Just before the material is put into the reactor it is "washed" with an inert gas, for example, carbon dioxide, to remove trapped air.

The technology is notable for using high temperatures without oxygen, which maximises both clean gas production and the potential for subsequent low-cost conversion to direct heat or electrical power.

In addition, many other conversion systems are geared to producing liquid fuels, which are less environmentally friendly and, because they require further refinements, less economically viable.

Finally, WGT envisages that its plants would, at an ideal size of 60,000 tonnes a year capacity, be less visible than those of competitors. The absence of the sort of chimney required for an incinerator, for instance, minimises the impact on the landscape. "Small in size, it is acceptable as a neighbour in many edge-of-city or industrial locations," it says.

Start your day with The Independent, sign up for daily news emails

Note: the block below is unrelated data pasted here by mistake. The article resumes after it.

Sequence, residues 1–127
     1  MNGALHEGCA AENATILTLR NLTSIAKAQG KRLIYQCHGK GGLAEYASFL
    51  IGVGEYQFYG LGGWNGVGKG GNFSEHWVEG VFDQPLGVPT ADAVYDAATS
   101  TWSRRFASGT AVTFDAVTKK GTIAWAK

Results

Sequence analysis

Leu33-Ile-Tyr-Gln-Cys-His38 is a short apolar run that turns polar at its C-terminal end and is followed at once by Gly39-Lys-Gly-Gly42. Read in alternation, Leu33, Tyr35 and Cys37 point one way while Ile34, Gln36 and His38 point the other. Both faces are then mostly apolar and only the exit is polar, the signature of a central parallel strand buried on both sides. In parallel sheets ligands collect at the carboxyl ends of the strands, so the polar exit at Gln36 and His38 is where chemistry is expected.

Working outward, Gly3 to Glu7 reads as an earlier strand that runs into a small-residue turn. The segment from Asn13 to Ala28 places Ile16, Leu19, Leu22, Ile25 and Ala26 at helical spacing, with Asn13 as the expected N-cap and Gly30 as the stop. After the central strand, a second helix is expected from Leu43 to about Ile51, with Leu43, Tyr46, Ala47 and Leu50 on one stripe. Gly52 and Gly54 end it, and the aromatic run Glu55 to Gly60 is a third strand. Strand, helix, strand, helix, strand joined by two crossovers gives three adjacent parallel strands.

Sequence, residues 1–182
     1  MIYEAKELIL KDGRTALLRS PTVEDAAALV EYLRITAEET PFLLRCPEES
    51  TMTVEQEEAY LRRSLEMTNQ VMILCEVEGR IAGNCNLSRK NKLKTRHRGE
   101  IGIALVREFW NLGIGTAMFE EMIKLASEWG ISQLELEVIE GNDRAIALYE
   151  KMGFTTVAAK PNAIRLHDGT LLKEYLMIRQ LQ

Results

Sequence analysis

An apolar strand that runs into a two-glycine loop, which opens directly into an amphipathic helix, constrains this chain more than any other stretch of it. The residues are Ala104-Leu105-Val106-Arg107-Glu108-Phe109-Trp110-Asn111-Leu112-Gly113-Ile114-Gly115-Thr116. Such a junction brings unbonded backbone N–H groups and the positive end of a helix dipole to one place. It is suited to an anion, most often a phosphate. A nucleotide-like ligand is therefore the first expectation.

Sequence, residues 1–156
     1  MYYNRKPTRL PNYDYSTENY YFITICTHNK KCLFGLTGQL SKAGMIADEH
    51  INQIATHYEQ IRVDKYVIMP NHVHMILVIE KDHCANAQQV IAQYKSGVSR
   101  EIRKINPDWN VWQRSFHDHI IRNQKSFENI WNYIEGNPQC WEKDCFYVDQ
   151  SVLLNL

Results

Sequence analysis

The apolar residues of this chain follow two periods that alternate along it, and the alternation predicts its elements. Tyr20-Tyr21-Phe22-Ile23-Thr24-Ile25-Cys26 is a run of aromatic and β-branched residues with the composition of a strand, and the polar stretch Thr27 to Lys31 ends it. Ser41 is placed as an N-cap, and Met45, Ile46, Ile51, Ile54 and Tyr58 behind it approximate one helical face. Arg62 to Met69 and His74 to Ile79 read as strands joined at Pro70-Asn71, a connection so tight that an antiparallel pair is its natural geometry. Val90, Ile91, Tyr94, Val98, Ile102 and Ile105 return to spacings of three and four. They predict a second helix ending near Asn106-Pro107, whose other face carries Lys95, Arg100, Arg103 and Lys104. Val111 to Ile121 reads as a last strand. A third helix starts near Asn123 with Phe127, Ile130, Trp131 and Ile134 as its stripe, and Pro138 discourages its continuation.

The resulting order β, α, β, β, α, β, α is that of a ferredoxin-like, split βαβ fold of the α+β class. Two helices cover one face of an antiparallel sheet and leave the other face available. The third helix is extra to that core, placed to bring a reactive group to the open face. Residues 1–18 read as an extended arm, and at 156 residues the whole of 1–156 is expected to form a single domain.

Latest stories from i100
Have you tried new the Independent Digital Edition apps?
Independent Dating
and  

By clicking 'Search' you
are agreeing to our
Terms of Use.

iJobs Job Widget
iJobs Money & Business

Guru Careers: Software Developer / C# Developer

£40-50K: Guru Careers: We are seeking an experienced Software / C# Developer w...

Neil Pavier: Management Accountant

£45,000 - £55,000: Neil Pavier: Are you looking for your next opportunity for ...

Sheridan Maine: Commercial Accountant

£45,000 - £55,000: Sheridan Maine: Are you a newly qualified ACA/ACCA/ACMA qua...

Laura Norton: Project Accountant

£50,000 - £60,000: Laura Norton: Are you looking for an opportunity within a w...

Day In a Page

Sun, sex and an anthropological study: One British academic's summer of hell in Magaluf

Sun, sex and an anthropological study

One academic’s summer of hell in Magaluf
From Shakespeare to Rising Damp... to Vicious

Frances de la Tour's 50-year triumph

'Rising Damp' brought De la Tour such recognition that she could be forgiven if she'd never been able to move on. But at 70, she continues to flourish - and to beguile
'That Whitsun, I was late getting away...'

Ian McMillan on the Whitsun Weddings

This weekend is Whitsun, and while the festival may no longer resonate, Larkin's best-loved poem, lives on - along with the train journey at the heart of it
Kathryn Williams explores the works and influences of Sylvia Plath in a new light

Songs from the bell jar

Kathryn Williams explores the works and influences of Sylvia Plath